A Dumb, Suicidal Newspaper Strike
The unions were a sure bet to lose the battle in Detroit.
By John Morton
John Morton (firstname.lastname@example.org), a former newspaper reporter, is president of a consulting firm that analyzes newspapers and other media properties.
Last fall I was invited to give a speech before the Detroit chapter of the Society of Professional Journalists. After I described the marathon strike against the Detroit Free Press and the Detroit News as dumb and suicidal, I was immediately taken to task.
A woman in the audience, presumably a striker, questioned my ethics, since I had ignored the question of right and wrong in my analysis. Her comments perfectly pointed up the dangers inherent in allowing ideology, in this instance union solidarity, to dictate strategy.
The real issues in Detroit were not questions of right or wrong – I suspect that as in most strikes there was plenty of each on both sides – but of smart and dumb. The unions chose dumb.
Now that the unions have offered to go back to work unconditionally, effectively ending the strike that began July 13, 1995, consider the practical consequences of the bitter labor battle:
Overnight, the Detroit newspapers' management achieved staffing reductions and elimination of salary-fattening work rules that would have taken years to win at the bargaining table.
The two newspapers are now reaping the benefits of employing work forces less than 80 percent as large as they were before the strike. The papers became profitable once more in last year's fourth quarter and expect a fully profitable 1997.
A great many of the 2,000 strikers are now out of work, with tragic impact on careers, lives and finances. It is difficult to know precisely how many people are in this group, since some strikers eventually crossed picket lines to go back to work and others found jobs elsewhere. Management has vowed never to displace the 1,300 replacement employees hired during the strike and will offer jobs to those who went on strike only as openings develop.
The Detroit newspaper franchise has been harmed, perhaps permanently, by the unions' fierce campaign to drive away advertisers and persuade subscribers to cancel.
Management says that advertising has climbed back to about 80 percent of pre-strike levels, and the most recent circulation audit shows the two papers at about 70 percent of pre-strike circulation. These percentages have been improving slowly, and if the unions give up their campaigns against the newspapers – by no means a sure thing – they may rise even more sharply.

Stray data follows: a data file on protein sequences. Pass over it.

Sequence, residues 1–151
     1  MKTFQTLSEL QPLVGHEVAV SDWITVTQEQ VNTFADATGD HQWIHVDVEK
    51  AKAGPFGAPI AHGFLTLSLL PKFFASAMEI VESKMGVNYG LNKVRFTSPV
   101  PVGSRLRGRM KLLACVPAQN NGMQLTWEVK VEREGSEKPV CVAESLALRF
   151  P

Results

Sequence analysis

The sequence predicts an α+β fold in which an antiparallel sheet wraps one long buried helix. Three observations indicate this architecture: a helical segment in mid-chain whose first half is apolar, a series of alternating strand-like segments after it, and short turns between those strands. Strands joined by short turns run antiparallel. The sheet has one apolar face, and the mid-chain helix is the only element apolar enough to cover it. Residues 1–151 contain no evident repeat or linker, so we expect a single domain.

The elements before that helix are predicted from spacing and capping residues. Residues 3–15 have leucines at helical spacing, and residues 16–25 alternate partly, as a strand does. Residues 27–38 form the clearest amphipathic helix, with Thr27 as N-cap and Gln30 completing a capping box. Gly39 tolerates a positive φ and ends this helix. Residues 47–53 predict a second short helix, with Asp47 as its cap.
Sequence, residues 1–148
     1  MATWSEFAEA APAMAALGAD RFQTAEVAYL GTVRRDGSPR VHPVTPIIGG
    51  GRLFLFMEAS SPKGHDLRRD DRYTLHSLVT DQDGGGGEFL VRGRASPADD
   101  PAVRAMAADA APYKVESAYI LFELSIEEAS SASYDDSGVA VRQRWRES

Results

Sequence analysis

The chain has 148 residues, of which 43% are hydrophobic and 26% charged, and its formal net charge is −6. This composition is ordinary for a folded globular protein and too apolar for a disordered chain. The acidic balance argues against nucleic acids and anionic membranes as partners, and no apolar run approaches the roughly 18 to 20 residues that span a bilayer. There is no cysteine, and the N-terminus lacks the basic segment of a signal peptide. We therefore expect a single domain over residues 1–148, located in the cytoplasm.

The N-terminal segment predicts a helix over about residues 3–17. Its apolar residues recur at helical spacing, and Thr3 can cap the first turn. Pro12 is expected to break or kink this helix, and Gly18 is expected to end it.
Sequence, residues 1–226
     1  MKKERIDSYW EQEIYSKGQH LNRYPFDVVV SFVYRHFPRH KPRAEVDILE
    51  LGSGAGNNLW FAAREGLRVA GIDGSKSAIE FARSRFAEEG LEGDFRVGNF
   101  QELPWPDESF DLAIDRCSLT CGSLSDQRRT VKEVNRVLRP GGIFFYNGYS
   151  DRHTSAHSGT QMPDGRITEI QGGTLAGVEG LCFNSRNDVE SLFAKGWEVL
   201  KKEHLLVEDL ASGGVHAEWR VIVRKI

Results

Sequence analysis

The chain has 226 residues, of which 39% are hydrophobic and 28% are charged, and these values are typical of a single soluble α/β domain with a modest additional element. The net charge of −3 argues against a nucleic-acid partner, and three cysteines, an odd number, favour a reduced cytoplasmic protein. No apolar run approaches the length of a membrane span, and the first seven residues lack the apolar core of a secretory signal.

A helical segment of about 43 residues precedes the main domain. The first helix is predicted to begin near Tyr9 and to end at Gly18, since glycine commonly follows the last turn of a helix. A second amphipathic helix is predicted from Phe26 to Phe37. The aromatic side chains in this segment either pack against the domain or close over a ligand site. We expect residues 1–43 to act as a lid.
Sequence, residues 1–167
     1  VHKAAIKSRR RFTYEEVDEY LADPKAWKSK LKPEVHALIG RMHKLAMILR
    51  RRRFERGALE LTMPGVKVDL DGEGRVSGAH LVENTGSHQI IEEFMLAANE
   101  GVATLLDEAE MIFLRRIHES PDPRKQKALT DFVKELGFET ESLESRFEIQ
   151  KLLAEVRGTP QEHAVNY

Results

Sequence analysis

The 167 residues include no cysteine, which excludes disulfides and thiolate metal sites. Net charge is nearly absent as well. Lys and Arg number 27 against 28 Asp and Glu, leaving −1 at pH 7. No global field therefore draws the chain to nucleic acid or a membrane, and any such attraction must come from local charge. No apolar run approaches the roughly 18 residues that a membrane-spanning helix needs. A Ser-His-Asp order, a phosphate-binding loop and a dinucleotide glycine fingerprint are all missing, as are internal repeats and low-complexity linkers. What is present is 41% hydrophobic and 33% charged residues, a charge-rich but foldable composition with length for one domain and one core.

But it will be difficult for the newspapers to regain all that they have lost, partly because reading habits have been broken and partly because, in the nation's quintessential union town, resentment against the papers could last forever. Market growth could fuel circulation growth but, given Detroit's recent economic history, this might not amount to much.
Although the unions have officially capitulated, ending the strike (and ending strike benefits that had drained the unions' national strike funds), many issues remain to be resolved by the National Labor Relations Board. Local union officials told reporters that ending the strike was merely a ploy to qualify strikers for back pay should the NLRB eventually decide the newspapers had engaged in unfair labor practices. Refusing to take back all the strikers in effect is a lockout, they said. Resolution of the NLRB complaints – the newspapers also have filed complaints – could take years because of federal court appeals.
I was struck at the SPJ meeting by the intensity of feeling. Everyone there seemed convinced that they were involved in an epic struggle closely watched by the newspaper industry and especially by executives at the headquarters of Gannett and Knight-Ridder, owners of the joint-operating agency that publishes the newspapers.
Such emotions are understandable for people whose lives had been turned upside down by the strike. But they also reflect how insular local newspaper people can become if they do not pay sufficient heed to the technological and other changes in their industry that doomed the Detroit strike from the beginning (see The Business of Journalism, September 1996).
Sure the newspaper industry was watching, but it saw the strike more as a curiosity than as something historic. Why would well-paid employees walk out when it was clear the newspapers could publish without them?
As for the executives at Gannett and Knight-Ridder, the Detroit strike ceased to be a major concern at midnight on December 31, 1995, when the books including the bulk of the strike-related losses were closed for the year. From the next day on, every dollar less the newspapers lost compared with the previous year was a dollar added to the bottom line for 1996.
By the end of 1996, each company's stock price had gone up 22 percent. At press time, Gannett's stock had risen another 7 percent and Knight-Ridder's 4 percent. They have the unions in Detroit to thank for much of this.###